I've recently set up SuSE 10.0 on a laptop and a PC. First the laptop, I ran
the online update, but chose to remove the packages after the update. Then I
realised I will also need to update the PC once the installation there
completes, so I downloaded the relevant ".patch.rpm"s from a mirror. I
conveniently placed them into the /var/lib/YaST/you/mnt/<.....> directory so
YOU could find them.
Well, during the online update, it didn't, and *then* I realised it
downloads the full RPM packages during the update.
The following questions arise:
A) why download the full RPM, from what I read, the patch RPM does the same,
but to an installed package?
B) I renamed the .patch.rpm's to .rpm's, and YOU actually consumed that just
fine. But, referring to A), does that actually have the same effect as
installing a full RPM as YOU does?
I would be grateful for any pointers, thank you!
I've got a burning problem with my VPS running under SuSE with Plesk.
Well... I've tried to configure firewall thru YaST tool and I
configured sth badly cause I lost access to my server. No problem, I
though cause I still could switch to Repair Mode with Plesk... so I
But the problem is, that when I'm changing anything while under Repair
Mode, after restart all changes are changing back to old/bad ones :/
I've tried to edit /etc/sysconfig/SuSEfirewall2 or even delete firwall
script from /init.d/ with no effect - files are returning after
My question is:
Could someone please tell me how to turn off this damn SuSEfirewall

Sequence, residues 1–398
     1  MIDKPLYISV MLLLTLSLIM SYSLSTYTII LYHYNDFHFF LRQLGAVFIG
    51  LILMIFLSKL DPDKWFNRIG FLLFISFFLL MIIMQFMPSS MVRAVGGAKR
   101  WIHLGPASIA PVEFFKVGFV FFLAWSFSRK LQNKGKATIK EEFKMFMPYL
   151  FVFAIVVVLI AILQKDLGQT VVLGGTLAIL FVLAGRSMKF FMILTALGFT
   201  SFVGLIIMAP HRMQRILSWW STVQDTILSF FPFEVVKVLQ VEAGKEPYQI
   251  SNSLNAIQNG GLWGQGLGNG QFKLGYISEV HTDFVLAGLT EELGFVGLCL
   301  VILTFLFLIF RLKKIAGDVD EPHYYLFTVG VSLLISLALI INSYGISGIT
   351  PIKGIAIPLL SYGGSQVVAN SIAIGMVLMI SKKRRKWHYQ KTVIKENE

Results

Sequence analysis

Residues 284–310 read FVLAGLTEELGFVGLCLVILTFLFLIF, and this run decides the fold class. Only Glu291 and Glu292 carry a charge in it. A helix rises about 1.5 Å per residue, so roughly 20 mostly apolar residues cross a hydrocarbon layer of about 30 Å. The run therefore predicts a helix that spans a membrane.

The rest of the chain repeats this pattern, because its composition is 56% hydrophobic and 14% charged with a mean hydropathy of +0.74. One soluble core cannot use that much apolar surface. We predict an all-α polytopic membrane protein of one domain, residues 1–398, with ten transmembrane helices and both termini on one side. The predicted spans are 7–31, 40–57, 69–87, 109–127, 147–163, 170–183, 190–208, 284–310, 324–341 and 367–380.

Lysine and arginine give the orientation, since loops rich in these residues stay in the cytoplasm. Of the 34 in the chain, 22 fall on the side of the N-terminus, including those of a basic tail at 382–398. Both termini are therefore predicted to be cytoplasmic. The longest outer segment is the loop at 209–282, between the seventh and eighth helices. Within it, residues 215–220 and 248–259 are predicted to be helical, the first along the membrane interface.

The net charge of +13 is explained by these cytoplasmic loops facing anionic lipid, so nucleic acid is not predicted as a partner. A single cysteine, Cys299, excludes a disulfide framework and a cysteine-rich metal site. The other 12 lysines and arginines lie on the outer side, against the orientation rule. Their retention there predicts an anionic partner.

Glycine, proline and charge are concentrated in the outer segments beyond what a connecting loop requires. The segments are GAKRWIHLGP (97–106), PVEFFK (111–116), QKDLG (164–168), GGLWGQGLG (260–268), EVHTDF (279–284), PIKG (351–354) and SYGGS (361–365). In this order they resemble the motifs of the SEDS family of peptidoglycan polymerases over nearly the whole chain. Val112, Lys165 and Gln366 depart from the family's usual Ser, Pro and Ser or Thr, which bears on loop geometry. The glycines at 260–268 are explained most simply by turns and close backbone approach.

and configure firewall in future only thru iptables ?
I have a question about privacy of environment variables. I was always
brought up to believe that you must never store passwords or other
sensitive information in environment variables, because the environment is
visible to other users. This is certainly true on older Unix systems.
But a colleague did some experiments (on SuSE 9.3) and found that ps only
displays the environment for processes you own, which seems very sensible.
Likewise /proc/pid/environ is only readable by the owner (or by root, of
Now I don't want to rely on experiments, because there may be some other
mechanism I haven't thought of. Can anyone point me to some authoritative
information about the privacy of environment variables on modern Linux
The reason I ask is that my colleague is writing a script which will run
rpcclient and smbclient. One option would be to use Expect, but
environment variables are a much cleaner and simpler solution providing
they are safe.
Bob Vickers R.Vickers(a)cs.rhul.ac.uk
Dept of Computer Science, Royal Holloway, University of London